Hmm, I haven’t made any blog posts for the last few days. This is because I’ve been busy getting the website up and running (as you may now have noticed). Now you can click the menu buttons on the left to browse the site.

On Saturday LSS painted the pantry with a white all-purpose undercoat. Everything was painted except the floor. (Even the roof-beams got a coat – after having been cleaned of 30 years’ worth of grime first). LSS was so thorough, that when she stood still, she blended perfectly with the background.

While she was doing this, I removed the kitchen window entirely, enlarged the opening slightly at the top and bottom with a hammer and chisel, and fitted the new pvc window. Actually, I used more than a hammer and chisel. The bottom of the window opening had been cast in concrete; of the same sort they used to build the nuclear fallout shelters during the cold war. Hard? You have no idea. I finally resorted to my ultimate weapon – my trusty DeWalt angle grinder. But this was no ordinary angle grinder. In my armoury was a diamond-studded mortar raking wheel (which I bought many years ago to chase a channel into a wall). This did the job in record time. However, when I switched off and turned around, the house was a)quiet and b)invisible. LSS was standing outside in the garden with eyes as big as saucers. I could only just see her through the dust. And of course one of the first things we did when we moved in was to remove the interior door separating the kitchen from the lounge. Oh dear. Dust covered everything. Oops.

Still, at last the opening was big enough for the window. However, as I had made the wooden uprights for the frame on both sides out of scrap timber, the sides were not of uniform thickness, which meant they had to be removed again and run through the DeWalt radial arm saw to even them up. But the window was finally in place, and makes a big difference to the level of light entering the kitchen.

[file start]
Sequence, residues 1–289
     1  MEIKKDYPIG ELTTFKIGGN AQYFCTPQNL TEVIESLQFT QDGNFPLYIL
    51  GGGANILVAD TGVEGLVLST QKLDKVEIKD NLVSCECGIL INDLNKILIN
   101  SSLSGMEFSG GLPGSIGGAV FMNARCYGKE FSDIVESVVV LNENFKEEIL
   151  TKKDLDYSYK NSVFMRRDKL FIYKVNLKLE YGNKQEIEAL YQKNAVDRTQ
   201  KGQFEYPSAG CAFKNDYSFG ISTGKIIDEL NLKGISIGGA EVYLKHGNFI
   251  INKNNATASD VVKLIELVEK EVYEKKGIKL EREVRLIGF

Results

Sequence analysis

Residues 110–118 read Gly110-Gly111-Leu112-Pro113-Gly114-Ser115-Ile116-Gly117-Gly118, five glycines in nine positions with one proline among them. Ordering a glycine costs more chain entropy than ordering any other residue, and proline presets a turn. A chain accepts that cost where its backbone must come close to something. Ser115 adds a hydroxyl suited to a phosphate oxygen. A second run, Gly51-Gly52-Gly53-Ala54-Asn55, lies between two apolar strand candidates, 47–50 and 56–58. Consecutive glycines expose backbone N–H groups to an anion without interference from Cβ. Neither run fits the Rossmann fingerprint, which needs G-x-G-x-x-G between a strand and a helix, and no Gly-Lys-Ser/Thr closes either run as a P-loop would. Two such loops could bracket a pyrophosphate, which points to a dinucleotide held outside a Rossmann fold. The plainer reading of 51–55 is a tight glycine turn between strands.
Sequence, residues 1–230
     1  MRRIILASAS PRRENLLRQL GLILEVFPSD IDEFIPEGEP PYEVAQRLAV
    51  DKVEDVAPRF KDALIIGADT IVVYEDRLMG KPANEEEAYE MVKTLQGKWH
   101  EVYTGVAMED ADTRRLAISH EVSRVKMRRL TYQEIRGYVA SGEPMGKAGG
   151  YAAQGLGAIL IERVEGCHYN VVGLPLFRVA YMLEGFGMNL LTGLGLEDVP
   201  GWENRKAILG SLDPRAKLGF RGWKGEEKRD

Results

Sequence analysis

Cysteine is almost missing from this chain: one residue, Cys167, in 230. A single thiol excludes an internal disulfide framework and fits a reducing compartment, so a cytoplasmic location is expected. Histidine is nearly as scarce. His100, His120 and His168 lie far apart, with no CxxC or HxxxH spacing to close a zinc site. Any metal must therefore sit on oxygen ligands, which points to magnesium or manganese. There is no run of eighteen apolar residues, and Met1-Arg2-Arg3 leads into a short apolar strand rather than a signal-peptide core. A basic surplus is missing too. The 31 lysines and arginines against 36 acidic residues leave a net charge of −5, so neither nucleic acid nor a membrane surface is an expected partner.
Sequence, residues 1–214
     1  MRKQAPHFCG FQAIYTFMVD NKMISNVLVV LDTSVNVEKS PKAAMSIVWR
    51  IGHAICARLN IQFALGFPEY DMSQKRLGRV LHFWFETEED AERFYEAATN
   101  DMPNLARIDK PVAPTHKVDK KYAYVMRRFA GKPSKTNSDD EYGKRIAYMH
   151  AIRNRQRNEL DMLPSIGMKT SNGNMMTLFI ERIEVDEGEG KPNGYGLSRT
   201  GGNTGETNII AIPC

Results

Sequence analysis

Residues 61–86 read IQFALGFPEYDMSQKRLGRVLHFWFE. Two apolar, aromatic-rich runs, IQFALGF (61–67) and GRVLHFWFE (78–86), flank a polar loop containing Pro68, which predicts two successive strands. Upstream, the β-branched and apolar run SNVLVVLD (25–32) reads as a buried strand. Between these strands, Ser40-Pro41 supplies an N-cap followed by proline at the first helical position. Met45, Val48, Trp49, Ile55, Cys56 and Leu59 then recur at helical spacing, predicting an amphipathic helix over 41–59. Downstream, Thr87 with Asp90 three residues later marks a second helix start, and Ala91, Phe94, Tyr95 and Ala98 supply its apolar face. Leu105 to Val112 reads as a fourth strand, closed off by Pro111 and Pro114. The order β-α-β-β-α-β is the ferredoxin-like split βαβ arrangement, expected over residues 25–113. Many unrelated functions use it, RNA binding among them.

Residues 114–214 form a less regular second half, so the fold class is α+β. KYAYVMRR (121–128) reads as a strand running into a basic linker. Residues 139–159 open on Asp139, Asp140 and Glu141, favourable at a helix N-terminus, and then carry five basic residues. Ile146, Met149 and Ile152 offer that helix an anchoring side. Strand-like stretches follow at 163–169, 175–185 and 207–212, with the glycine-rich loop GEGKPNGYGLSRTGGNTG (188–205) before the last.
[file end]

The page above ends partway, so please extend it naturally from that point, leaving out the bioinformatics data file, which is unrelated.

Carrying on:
Yesterday we re-measured the pantry with the view to covering all of the wall space with shelving. My idea was to mount steel uprights on each wall, and then have shelving brackets supporting 18mm MDF shelves. However, when we costed this out, the total came to over €500! As LSS pointed out, this was not in keeping with our motto of doing things as cheaply as possible. But short of re-using a pile of old bricks, and scrounging lots of old pallets which could be cut up for shelving, we were a bit stuck.

However, LSS spotted some plastic garage shelf units in the Castorama catalogue, priced at €40. Each shelf is capable of supporting 80kg in weight – and the sizes were just what we needed. But as we had planned to visit BricoDepot in Saint-Germain-du-Puy today anyway, we thought we’d see if they had anything similar. And they did! So we bought three shelf units, and I stocked up with sundry items like wood screws and fischer plugs, and the total came to €159. Now that was more like it! (Hey, if there was any scrap wood lying around we would have used it, but it’s all infested with woodworm. And aside from that, the pantry is quite damp, so plastic shelving is just the ticket for this sort of environment).

Yesterday I also took advantage of the brazier bin being full of rubbish from the loft, and made another barrel of charcoal. Also, Friend L popped in to see us. She was suitably impressed with our efforts to date, being no slouch when it comes to DIY. She even makes her own kayaks.

LSS’s home-made elderflower cordial was tested and approved, as was our home-brewed cider from last year.

Wildlife diary: Mrs Jemima Puddle-Duck is still in residence on her nest.

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